CLP has for several years been advocating for CCA “2.0” in New York—a version of CCA that harnesses the collective buying power and scale of communities to provide energy supply and services aligned with local needs and goals. However, after assessing the possibilities of working within the limits of the state’s regulatory framework, CLP has concluded that changes are needed in state policy and regulations for CCA to deliver meaningful long-term benefits to our communities.
Earlier this year the CEAC state-level working group—of which Jen Metzger was an active participant—filed their CCA policy recommendations report. The report’s recommendations included expanded access to data, opt-out community renewable energy, utility billing changes, and additional financial resources for organizations to administer CCA programs, among other recommendations. If adopted by the PSC and NYSERDA, these recommendations could significantly expand CCA program opportunities.. CLP will continue to work to promote state policies supportive of CCA 2.0.
Meanwhile, the PSC has approved “generic” CCA implementation plans by Joule Assets, Good Energy, and the Municipal Energy and Gas Alliance, Inc. (MEGA)—three CCA administration consultants seeking to sign up municipalities in NYS to aggregate the electricity and gas accounts of communities as these companies sign municipal customers up over time. The MEGA program will consist of “1.0” contracts with ESCOs for supply, at least in the near term, although the implementation plan leaves open the possibility of offering other types of services down the road. Good Energy offers a “1.0” CCA program that focuses on financial savings, which we expect to be quite modest in New York’s retail supply market. The implementation plan filed with the PSC suggests anhe option to include opt-in green products as an alternative to the standard supply; however,Good Energy did not mention a green alternative when presenting its program at the 2018 Association of Towns meeting. Joule's implementation plan includes opt-out community renewable energy. While this option was not approved outright, the PSC did request that Joule “submit a CDG Implementation Plan for Staff review and approval to ensure the program will not produce customer confusion and will comply with Commission requirements before enrolling customers in a CDG program on an opt-out basis. The additional submission should explain the magnitude of participating CDG projects, the target subscription class, the scope and structure of the guaranteed savings, the billing arrangement, and any additional outreach and education the company intends to provide." This leaves open the possibility that opt-out community renewable generation could be part of a CCA program.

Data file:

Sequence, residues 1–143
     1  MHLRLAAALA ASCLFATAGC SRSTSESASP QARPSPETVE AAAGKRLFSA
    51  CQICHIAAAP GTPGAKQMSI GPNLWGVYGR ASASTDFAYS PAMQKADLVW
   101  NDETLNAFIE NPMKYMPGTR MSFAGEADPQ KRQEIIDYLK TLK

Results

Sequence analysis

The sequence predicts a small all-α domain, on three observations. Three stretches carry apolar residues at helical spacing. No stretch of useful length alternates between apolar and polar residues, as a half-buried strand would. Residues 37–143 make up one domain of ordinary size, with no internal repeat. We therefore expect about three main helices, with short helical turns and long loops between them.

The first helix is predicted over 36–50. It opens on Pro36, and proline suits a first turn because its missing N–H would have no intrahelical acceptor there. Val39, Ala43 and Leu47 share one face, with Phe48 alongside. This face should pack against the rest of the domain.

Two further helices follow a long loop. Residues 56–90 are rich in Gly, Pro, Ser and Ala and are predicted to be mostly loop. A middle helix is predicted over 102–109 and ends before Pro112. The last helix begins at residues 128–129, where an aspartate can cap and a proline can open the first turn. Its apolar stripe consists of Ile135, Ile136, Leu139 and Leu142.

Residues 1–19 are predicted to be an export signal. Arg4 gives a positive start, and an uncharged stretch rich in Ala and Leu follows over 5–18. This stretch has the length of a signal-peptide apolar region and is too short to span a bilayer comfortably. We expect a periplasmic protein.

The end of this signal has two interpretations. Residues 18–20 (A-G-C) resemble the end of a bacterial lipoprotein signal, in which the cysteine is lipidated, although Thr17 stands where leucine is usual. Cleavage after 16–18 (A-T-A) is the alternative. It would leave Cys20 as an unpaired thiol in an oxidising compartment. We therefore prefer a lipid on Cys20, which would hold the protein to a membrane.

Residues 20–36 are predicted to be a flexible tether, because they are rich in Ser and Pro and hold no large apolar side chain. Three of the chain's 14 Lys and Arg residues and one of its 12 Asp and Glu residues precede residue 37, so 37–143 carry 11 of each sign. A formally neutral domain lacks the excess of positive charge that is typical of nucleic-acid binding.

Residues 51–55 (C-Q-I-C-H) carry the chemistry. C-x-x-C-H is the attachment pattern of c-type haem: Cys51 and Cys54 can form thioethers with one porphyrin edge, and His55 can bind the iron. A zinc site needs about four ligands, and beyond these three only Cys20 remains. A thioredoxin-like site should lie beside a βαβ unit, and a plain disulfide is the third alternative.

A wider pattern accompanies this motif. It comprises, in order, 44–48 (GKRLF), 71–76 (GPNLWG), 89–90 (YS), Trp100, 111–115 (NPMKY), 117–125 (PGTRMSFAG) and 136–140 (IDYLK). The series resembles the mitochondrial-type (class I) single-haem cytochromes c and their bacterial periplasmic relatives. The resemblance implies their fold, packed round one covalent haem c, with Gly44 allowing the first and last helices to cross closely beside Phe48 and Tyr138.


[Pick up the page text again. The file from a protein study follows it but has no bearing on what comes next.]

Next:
CLP introduced a proposal to the PSC that would enable New York CCA programs to automatically enroll their customers in community renewable projects, which would reduce energy supply costs to customers by reducing developers’ project costs, expand the benefits of renewable energy to low- and moderate-income customers, and incentivize the development of local renewable projects. We believe this is a critical piece and the only way to support local renewables within the current CCA framework in New York.
As a resource to municipalities being approached by these companies, CLP has compiled a list of questions to ask if they’re considering joining a CCA. We strongly urge any municipality considering CCA to issue an RFP for administrators. It is also very important that the specific goals of the CCA, for example any clean energy or local economic development objectives, are written into the town law and signing documents.
We need to keep pressing for change at the PSC level. And as we get a more favorable regulatory framework for CCA, we should continue to work towards the ultimate goal of local control.